Feb 5, 2008


It's time to remind people once again about the use of legato tongue in slurring on the trombone. Too often I hear people using what I call the triple whammy to avoid glisses in natural slurs. I. hard legato tongue, 2. dropping the air stream between notes, and, 3. jerking the slide. The combination of all three results in a nasty, hard, somewhat anemic sounding slur, with most importantly, a significant loss of resonance, the holy grail of what we strive for. Hey, it's time to use your head and quit playing by habit alone, and begin to decide that you are not going to play like everyone else. That means making a conscious decision on how you will sound when slurring. I want to make one very important point; the legato tongue was invented, or discovered, whichever you prefer, in order to not have to lose continuity between notes, which is the definition of legato. As I've said before, I admire the old European method of very little, or no legato tongue in legato slurs, dropping the air just enough to avoid a gliss. This was a thoughtful attempt at not overusing the tongue, thereby softening the amount of sound between notes. As sincere a method as this was intended, it did result in a significant loss of sound in a phrase. The advantageous feature of using legato tongue in legato slurs, and why I think it was invented, is being able to keep an absolutely steady air stream between notes, which results in a great deal more sound in a legato phrase as well as a better basic sound throughout, because of the continuous nature of the air stream. I cannot stress this enough. I have worked with people who had trouble getting a great sound, and just focusing in on this one aspect of playing resulted in a huge improvement in the quality of sound overall. The good thing about using legato tongue is the amount of options it allows. This varies from very little use in the upper register, where the partials are much closer together and require a very soft stroke of the tongue, to a much more definite stroke in the register of the bass clef staff. Just as we don't play the same dynamics or the same style constantly, use of the legato tongue should match the requirements of the register and the type of slur desired. The same slur in a soft solo type passage may not be appropriate in a loud orchestral excerpt. The main point is, the use of legato tongue allows the player to keep an absolutely steady flow of air between notes, resulting in a great sound and slur! (That is, if the slide doesn't jerk to the next position and disconnect the air flow from itself.) By the way, I only use legato tongue on legato slurs and not on natural slurs.

Try this; Take a middle G# in the staff and smoothly slur with no tongue to a B, top space, bass clef. Try to blow through the slur as if pushing the sound to the next note with the air and slide. The air and slide move smoothly together as if glued to each other. Do this again and again until there is one sound on the note and in-between the note, and no one can hear exactly when the note changes. What you are trying to do is make going across that partial last as long as possible. This takes a very steady air stream, with the air and slide moving exactly together. When one note flows to the other with no interruption whatsoever, try to reproduce the exact same sounding slur on a legato slur, from Eb in the staff to F. Match the legato slur exactly to the sound of the natural slur you just played, using just the right amount of legato tongue, and moving the slide as if it was glued to the air stream. Try to use the legato tongue mid-way between the 2 positions, so there is an equal amount of sound on either side of the slur, just as you should in a natural slur. No matter how big the shift with the slide, I always keep a small amount of sound flowing between notes. DON'T CUT BAIT! With practice you can easily match the smoothness of natural slurs to legato slurs, in fact eventually you will find that your legato slurs are capable of being even smoother than the natural slurs, and then you can start matching the natural slurs to the legato slurs! Along the way you will start to notice that the overall sound you make will get more resonant, purer, and at the same time clearer, but only if the air and slide move together as if they were super-glued to each other. I can't stress this enough. Every time the air and slide get disconnected in legato playing, the sound goes into the waste basket!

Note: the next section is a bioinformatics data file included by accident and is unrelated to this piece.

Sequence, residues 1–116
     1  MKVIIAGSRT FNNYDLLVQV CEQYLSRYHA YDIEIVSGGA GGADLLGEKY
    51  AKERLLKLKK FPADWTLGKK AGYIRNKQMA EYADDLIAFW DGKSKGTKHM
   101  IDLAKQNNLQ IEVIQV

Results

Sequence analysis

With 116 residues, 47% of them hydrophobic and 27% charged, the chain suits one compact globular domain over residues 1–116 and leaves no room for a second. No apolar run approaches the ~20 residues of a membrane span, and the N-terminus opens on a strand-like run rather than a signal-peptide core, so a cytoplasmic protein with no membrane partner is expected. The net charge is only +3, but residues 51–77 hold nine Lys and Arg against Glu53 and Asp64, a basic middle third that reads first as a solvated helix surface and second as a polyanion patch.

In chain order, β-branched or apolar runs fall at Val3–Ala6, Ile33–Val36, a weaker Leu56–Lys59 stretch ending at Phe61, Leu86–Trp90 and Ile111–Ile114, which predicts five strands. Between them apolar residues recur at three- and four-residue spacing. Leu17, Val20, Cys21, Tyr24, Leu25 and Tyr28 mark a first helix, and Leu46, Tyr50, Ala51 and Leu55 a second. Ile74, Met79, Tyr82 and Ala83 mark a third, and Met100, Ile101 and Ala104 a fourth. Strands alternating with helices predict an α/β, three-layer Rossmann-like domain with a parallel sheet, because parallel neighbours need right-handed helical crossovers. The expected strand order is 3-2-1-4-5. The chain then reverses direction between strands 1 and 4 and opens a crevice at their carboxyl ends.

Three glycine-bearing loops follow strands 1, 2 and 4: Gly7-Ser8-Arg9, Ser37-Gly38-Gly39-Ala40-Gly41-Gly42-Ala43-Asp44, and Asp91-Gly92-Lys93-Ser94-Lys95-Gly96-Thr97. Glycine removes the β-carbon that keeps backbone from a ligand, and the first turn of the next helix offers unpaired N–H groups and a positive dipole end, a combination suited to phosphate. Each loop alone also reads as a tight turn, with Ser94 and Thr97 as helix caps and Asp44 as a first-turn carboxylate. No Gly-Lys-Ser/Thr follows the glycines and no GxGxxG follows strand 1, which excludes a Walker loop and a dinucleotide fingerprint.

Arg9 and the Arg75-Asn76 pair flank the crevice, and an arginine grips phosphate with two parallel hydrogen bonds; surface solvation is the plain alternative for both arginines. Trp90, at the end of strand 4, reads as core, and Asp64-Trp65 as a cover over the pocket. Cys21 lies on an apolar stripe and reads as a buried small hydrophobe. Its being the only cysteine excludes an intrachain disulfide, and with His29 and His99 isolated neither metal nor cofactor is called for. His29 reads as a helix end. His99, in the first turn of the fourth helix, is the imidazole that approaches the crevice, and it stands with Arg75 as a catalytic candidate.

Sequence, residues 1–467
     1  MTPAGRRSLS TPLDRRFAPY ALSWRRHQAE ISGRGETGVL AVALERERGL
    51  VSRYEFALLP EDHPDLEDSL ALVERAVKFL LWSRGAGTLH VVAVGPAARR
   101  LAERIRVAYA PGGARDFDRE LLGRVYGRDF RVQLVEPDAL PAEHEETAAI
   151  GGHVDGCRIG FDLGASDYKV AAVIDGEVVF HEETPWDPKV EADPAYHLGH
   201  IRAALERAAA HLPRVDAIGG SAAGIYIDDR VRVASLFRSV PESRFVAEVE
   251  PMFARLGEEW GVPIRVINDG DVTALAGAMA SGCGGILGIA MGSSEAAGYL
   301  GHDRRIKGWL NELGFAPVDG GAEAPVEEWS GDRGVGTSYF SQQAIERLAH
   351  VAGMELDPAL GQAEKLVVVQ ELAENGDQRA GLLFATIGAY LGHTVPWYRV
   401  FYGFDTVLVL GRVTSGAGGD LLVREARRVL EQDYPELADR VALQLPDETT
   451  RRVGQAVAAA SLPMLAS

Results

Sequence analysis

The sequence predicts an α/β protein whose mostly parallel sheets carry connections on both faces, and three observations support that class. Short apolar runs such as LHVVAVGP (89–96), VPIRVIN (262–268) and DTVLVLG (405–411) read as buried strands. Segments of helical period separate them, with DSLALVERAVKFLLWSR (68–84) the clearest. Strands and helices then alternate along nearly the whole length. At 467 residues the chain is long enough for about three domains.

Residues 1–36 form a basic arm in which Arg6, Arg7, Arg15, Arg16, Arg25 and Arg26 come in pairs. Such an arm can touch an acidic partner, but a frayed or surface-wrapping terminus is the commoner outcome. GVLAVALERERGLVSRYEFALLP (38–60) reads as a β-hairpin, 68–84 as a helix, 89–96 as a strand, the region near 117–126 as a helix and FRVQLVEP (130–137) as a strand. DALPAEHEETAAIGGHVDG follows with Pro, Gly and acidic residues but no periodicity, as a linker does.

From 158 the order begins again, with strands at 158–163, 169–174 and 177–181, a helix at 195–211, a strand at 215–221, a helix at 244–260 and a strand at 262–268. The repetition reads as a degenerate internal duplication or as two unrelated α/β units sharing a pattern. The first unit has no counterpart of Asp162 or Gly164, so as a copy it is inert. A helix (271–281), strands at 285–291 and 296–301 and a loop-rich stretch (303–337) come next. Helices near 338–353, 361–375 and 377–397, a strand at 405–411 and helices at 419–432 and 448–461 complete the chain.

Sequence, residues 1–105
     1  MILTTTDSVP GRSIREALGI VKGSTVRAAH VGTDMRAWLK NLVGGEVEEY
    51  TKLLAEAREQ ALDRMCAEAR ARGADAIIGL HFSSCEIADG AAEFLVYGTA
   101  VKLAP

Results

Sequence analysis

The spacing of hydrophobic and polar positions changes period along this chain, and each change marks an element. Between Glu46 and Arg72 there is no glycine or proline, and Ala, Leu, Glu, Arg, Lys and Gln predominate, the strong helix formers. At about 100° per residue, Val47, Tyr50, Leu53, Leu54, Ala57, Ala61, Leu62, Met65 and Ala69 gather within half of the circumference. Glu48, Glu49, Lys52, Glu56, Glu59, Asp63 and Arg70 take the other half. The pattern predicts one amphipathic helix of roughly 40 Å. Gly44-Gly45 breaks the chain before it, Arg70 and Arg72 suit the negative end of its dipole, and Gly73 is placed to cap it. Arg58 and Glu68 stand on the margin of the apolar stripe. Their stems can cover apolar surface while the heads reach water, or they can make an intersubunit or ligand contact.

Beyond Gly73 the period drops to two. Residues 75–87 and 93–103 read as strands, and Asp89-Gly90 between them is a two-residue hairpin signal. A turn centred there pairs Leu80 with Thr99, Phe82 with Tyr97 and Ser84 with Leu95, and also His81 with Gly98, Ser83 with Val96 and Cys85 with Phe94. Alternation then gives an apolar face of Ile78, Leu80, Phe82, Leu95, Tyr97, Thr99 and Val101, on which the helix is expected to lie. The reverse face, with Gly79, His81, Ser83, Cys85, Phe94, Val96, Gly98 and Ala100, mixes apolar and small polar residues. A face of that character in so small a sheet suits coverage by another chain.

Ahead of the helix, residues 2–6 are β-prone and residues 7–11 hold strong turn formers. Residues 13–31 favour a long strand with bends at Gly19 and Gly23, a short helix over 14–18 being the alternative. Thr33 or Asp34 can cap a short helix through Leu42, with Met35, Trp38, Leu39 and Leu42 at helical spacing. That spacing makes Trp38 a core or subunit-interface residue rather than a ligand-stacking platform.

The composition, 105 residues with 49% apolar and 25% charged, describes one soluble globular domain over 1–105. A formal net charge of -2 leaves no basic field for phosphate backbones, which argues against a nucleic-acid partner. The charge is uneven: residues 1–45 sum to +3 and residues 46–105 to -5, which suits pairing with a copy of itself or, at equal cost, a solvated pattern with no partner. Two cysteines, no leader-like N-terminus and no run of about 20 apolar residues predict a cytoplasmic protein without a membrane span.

Want to know the sound you should be making all the time? Stand up nice and tall, take a big breath and aim for a D above the bass clef staff. Start the note with a large bell-tone type of articulation, with a good energetic, and at the same time round church bell attack, at a forte dynamic. As soon as the note starts, totally relax your body and let your lungs release the air in a long natural diminuendo, until the end of that breath. Your chest should naturally decompress as your lungs empty. Since you started the note with an energetic bell-tone type of articulation, there is no need to sustain the note using muscles in the body, and you can be completely relaxed, letting the natural elasticity of the lungs release the air in one long even diminuendo. That's the sound you should be making all the time.

This article has been translated into Polish by Lukasz Michalski.

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